UFC 155 Results: Is a Healthy Cain Velasquez unstoppable?

CREDIT: usatoday.com

CREDIT: usatoday.com

Cain Velasquez looked sensational in his UFC 155 title bid against Brazilian striking specialist Junior “Cigano” dos Santos.

For 25 minutes, Velasquez battered and overwhelmed dos Santos with a perfect blend of wrestling and striking, and “Cigano” had no answers and no chance at victory.

Cain was fast.

He was strong.

He was prepared.

He was…unstoppable?

Hold on there, sports fan.

Cain Velasquez was everything one could want in an elite fighter at UFC 155, and he definitively earned his champion status.

That said, there are several factors at play that prevent me from bestowing the “unstoppable” label upon the American Kickboxing Academy standout.

First off, he is in the wrong sport to be considered “unstoppable.”

Knee injury or no knee injury, his 64-second loss to Junior dos Santos at UFC on Fox I was indicative of what can happen at any point inside the Octagon. Even if Velasquez had two bionic, titanium-enforced knees in this bout, he still has a chin, and fists have a way of finding chins inside the cage.

Secondly, if any MMA fighter can be considered unstoppable, it shouldn’t be a heavyweight. This is the division where fighters are the most “stoppable,” and the division is full of one-shot knockout specialists.

Guys like Frank Mir and Fabricio Werdum, who aren’t known for their striking power (but certainly pack a punch), are Brazilian jiu-jitsu experts and among the best in the sport at snagging chokes and destroying limbs.

In my eyes, calling any mixed martial artist unstoppable is a stretch, but when we’re talking heavyweights, it’s downright absurd.

Another factor not in Cain’s favor is the increasing depth of the heavyweight division.

It’s not like Cain is the MMA equivalent of LeBron James and just defeated Kevin Durant in a game of one-on-one, and now has to only face a handful of BrianScalabrines to close out his career. He has Kobe coming for him. Dwight Howard is on the horizon, as is Carmelo Anthony. Oh, and the Kevin Durant he just beat? He’ll be back.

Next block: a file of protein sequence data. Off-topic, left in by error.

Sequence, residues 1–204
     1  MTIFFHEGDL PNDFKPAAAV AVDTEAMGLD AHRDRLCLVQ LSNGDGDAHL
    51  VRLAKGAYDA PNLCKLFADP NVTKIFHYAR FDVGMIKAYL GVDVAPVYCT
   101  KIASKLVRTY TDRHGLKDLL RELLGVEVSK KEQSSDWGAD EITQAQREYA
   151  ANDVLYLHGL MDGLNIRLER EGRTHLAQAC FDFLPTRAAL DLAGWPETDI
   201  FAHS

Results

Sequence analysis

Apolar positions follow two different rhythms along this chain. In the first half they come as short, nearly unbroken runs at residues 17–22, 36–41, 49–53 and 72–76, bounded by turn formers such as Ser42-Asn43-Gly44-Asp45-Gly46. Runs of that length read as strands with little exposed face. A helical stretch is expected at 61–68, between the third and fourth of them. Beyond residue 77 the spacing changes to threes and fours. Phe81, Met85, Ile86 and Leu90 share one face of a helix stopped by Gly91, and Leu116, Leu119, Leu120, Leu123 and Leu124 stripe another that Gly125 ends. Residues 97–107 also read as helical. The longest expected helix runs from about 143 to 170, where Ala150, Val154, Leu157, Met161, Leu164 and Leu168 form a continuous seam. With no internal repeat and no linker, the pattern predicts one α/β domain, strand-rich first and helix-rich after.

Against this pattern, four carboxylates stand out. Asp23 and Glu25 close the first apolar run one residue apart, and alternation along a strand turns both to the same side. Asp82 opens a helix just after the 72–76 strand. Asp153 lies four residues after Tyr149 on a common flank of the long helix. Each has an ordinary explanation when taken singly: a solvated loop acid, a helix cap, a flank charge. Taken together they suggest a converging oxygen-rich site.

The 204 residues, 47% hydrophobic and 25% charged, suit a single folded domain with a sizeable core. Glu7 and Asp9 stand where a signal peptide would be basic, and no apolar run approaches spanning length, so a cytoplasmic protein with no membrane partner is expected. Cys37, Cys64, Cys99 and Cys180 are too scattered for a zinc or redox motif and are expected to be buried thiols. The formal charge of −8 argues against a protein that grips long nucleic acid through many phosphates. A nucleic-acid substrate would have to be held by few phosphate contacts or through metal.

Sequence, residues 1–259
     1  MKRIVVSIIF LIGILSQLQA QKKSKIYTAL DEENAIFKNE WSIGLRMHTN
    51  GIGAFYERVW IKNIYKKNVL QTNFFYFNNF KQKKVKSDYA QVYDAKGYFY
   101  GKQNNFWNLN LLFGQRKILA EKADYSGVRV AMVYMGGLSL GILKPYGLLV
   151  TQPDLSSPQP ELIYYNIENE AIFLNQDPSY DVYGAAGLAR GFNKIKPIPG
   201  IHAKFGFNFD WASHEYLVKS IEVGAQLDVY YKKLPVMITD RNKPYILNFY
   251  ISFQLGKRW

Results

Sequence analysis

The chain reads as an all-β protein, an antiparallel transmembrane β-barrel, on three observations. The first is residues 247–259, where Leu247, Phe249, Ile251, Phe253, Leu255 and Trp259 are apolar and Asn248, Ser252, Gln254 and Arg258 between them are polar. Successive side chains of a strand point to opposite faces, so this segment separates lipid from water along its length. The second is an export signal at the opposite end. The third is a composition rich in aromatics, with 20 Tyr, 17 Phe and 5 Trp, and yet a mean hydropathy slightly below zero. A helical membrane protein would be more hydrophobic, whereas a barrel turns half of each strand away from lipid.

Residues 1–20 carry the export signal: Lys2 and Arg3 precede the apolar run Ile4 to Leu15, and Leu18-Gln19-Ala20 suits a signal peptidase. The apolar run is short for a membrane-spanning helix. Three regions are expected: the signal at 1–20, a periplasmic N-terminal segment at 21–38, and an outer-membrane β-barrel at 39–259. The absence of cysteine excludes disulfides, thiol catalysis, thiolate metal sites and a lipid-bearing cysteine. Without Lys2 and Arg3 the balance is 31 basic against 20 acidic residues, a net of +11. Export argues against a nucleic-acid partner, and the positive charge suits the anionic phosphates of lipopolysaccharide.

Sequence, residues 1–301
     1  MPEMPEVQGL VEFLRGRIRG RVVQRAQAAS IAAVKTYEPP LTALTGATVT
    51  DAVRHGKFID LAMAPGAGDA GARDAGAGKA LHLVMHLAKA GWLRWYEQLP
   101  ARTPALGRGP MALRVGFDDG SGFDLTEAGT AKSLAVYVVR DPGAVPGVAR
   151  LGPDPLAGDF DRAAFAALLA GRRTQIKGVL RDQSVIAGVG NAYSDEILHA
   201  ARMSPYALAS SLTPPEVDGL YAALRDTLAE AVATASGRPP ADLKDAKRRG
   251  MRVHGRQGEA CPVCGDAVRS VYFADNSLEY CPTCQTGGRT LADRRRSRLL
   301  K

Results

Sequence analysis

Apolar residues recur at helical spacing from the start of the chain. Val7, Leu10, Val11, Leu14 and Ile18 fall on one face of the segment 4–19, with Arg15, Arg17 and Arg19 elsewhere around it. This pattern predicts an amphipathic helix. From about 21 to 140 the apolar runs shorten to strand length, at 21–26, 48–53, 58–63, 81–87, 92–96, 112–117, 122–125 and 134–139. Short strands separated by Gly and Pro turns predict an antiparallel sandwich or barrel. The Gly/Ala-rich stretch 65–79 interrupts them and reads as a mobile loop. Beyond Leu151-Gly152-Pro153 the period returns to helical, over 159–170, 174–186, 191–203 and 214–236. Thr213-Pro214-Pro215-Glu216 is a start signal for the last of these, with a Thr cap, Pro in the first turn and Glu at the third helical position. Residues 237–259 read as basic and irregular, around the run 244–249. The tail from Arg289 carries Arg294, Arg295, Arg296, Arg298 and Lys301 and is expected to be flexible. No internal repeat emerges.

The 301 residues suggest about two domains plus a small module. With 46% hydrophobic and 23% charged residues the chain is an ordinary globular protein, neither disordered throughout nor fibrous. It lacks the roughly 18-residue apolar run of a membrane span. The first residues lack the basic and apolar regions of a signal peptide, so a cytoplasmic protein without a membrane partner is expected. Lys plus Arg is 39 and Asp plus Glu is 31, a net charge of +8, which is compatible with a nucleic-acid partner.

The top 10 of the heavyweight division is incredibly volatile, and nobody can hold the belt because of these factors.

One punch can, and does, change everything, especially when 250-pound behemoths are slinging the leather.

Put simply, Cain Velasquez was almost perfect against Junior dos Santos at UFC 155, but he is still far from unstoppable. There are too many factors at work to dispel this notion, and the odds of him winning out in his MMA career are painfully slim.

Velasquez is seemingly perfect, but so was the Titanic. Hell, so was Junior dos Santos just before him.

And we all saw how that worked out.

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UFC: Wanderlei Silva moving to light heavyweight is a terrible idea

CREDIT: lasvegassun.com

Why, Wanderlei? Why?!

Everyone’s favorite mixed martial artist, Wanderlei “The Axe Murderer” Silva, recently announced his plans to return to action in 2013 and compete in the UFC’s light heavyweight division.

Let’s get one thing out of the way early: Chael Sonnen is a grade-A nutjob, but he speaks the truth to a degree. Sure, his mouth gets out of control and breaks its leash from time to time (OK, all the time), but when he talks about Wanderlei Silva, he is pretty accurate.

Silva is past his prime. He is old, and he is not a contender in any division at this stage in his career.

Frankly, Silva has not been a contender since coming into the UFC in December 2007.

Since his debut loss to Chuck Liddell, “The Axe Murderer” is an abysmal 3-4 inside the Octagon, and his wins have been over Keith Jardine (a perfect matchup for him), Michael Bisping (in a hotly contested decision) and Cung Le (we knew somebody was going down).

He has been brutally knocked out in two of his losses, and he has been dropped and stunned in his wins. Put plainly, our pal Wandy just can’t take a punch anymore.

Moving to light heavyweight is going to exaggerate this problem, and I fear for Silva’s safety against the top 205-pounders of today.

Vitor Belfort makes sense for a first fight at light heavyweight, but that is a terrible, terrible matchup for Wandy. Vitor is fast, he is strong and he will undoubtedly leave Silva face down on the canvas inside the first round.

Look, guys don’t hit less hard as they get bigger and heavier. That’s just physics. Wanderlei’s chin is awful at middleweight, and it will be exposed even worse at light heavyweight.

Unfortunately for him, he will never realize this, and he will not care. Silva just wants to brawl, and he wants to put on good fights for his fans and supporters.

God bless him for that, but this mentality is just not the game he needs to be playing at this stage in his career. Sure it’s fun for us, but is it worth it?

His mental health is on life support as it is at middleweight, and moving up to light heavyweight will be like removing the feeding tube.

Wandy, we love you, and we always will, but understand what you’re doing and take your health into consideration.

Nobody wants to see you get hurt.

Caged Fury 19 canceled, future unsure

Another day, another canceled MMA event.

Just weeks after the UFC announced its first canceled card in promotional history, regional MMA promotion the NAAFS has canceled its Caged Fury 19 card, which was slated for Sept. 15 at the Morgantown Event Center.

If current information is any indication, details concerning the cancellation are going to get juicy.

For the full story to this moment, check out coverage from our friends at StandThemUp.

Be sure to check back, as I will provide updates on the situation as they come in.